“Yeah. So did that kid Mary’s been working with. I guess it makes a difference what kind of old man you had.”

            “Maybe, but I don’t think Bethany has a dream family. No, I just mean that I haven’t been a real Christian in my life. My family went to church sometimes. I went when I wasn’t too tired Sunday mornings. It just didn’t mean a lot. Mom was more into the malls on Sunday after brunch. Dad stretched out in his recliner, handed her the checkbook and spent the morning on the Sunday paper. I didn’t know what a real Christian looked like.”

            “That’s an excuse. You knew. You probably made fun of the really religious ones. I know we did. The little old lady that showed up on our step passing out tracts and inviting us to church? She became a family joke. You know, her hose rolled just below her knee and those funny black shoes old ladies wear. We didn’t laugh at her to her face, but she was good for ten minutes of stand-up comedy at dinner for weeks.”

            “See? That’s just it. We didn’t understand what it meant. I think the Prodigal wasn’t a horrible person, either. He was just...young. He didn’t see all the years ahead of him. He just saw the moment, and it looked so exciting.”

            “Some of us pay a lifetime for a moment’s excitement.” Paige’s voice was hard.

            “Yes.” The silence again.

            “So, tell me what you see in this Prodigal story that relates to you.”

            Macie hesitated. “I think it’s that he went away and lived his life the way he wanted to, the way all his friends were, pretending it was “normal”. Then, when it didn’t work out, he wasn’t sure where to turn, but he was desperate so he gave home a shot. Because they’d take care of him. He didn’t think he could live his own life...he’d messed things up so badly.

            In the doctor’s office, a piece of glass hit the wall and shattered on the floor. The women listened. There was silence, then scraping. Someone was sweeping up the shards. The men mumbled and the tone was tense, but the word were garbled. After a moment, Mary talked again.

            “See, Paige, I think all along I knew it was wrong to work at the clinic. I knew it was wrong to help young women rid themselves of their unwanted children. I’m still not sure about the cases where the mother’s life is at stake, but those people usually wind up in a hospital, not a neighborhood clinic. Anyway, I knew. But my parents were fine with it. My mother was more concerned about clothes than conscience. So I just pretended it was okay.”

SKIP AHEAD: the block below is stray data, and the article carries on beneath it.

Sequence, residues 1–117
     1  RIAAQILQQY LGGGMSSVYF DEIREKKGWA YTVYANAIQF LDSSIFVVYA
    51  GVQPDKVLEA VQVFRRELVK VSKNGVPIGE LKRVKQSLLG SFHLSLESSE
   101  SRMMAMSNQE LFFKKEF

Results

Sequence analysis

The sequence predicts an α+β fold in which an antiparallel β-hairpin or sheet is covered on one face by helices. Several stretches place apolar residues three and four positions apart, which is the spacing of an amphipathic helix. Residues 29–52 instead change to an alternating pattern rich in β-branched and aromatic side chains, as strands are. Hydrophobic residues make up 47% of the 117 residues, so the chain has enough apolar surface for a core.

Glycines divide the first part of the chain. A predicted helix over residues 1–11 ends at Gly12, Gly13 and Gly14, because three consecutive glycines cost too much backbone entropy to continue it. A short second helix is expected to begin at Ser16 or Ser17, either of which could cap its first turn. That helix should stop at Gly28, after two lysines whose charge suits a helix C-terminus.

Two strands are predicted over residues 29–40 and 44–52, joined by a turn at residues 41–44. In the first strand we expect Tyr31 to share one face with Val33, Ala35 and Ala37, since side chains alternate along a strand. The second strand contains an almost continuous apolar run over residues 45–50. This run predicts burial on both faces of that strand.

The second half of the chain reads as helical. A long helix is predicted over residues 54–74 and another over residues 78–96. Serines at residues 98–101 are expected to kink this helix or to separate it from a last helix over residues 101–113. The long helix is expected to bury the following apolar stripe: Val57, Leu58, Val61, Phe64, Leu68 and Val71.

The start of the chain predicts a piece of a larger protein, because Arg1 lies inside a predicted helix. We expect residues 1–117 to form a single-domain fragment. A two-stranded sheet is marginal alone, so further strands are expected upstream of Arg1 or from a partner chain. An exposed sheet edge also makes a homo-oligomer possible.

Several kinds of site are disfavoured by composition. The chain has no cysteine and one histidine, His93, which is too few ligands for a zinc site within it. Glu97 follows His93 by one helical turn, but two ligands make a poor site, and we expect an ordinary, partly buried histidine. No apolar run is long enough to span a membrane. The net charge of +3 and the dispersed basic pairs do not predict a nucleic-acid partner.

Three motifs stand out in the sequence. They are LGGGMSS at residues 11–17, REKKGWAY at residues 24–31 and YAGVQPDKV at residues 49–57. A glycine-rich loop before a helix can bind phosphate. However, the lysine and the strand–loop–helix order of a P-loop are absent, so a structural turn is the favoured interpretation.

“You can’t blame your mother. She doesn’t make your decisions for you anymore.”

            Macie sighed deeply. “When I got pregnant, and understood what it was that was growing inside me, I thought God would probably send me to hell for what I’d done. That’s why what Mrs. Conley said to me affected me the way it did. I was desperate, so I gave God a shot.”

            A chair slammed against the wall in the other room, and George Doman cursed loudly. Soudo’s voice came, soft but menacing. Paige stood to massage her legs and Macie stopped, sucking in her breath. She was...what was the term her grandmother had used...witnessing. But to do that, you had to be a Christian...

            Paige was nodding. “I know all that. In my mind. But it just doesn’t make sense to my heart. And Mary made up for it. She became a nurse. She saved a lot of other babies. Anyway, it doesn’t make much difference now. Barring a miracle, I won’t have time to make up for anything I’ve done. You either. I guess it’s true: you really do reap what you sow.”











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Anne Caryl
504 East Furry St.
Holyoke, Co. 80734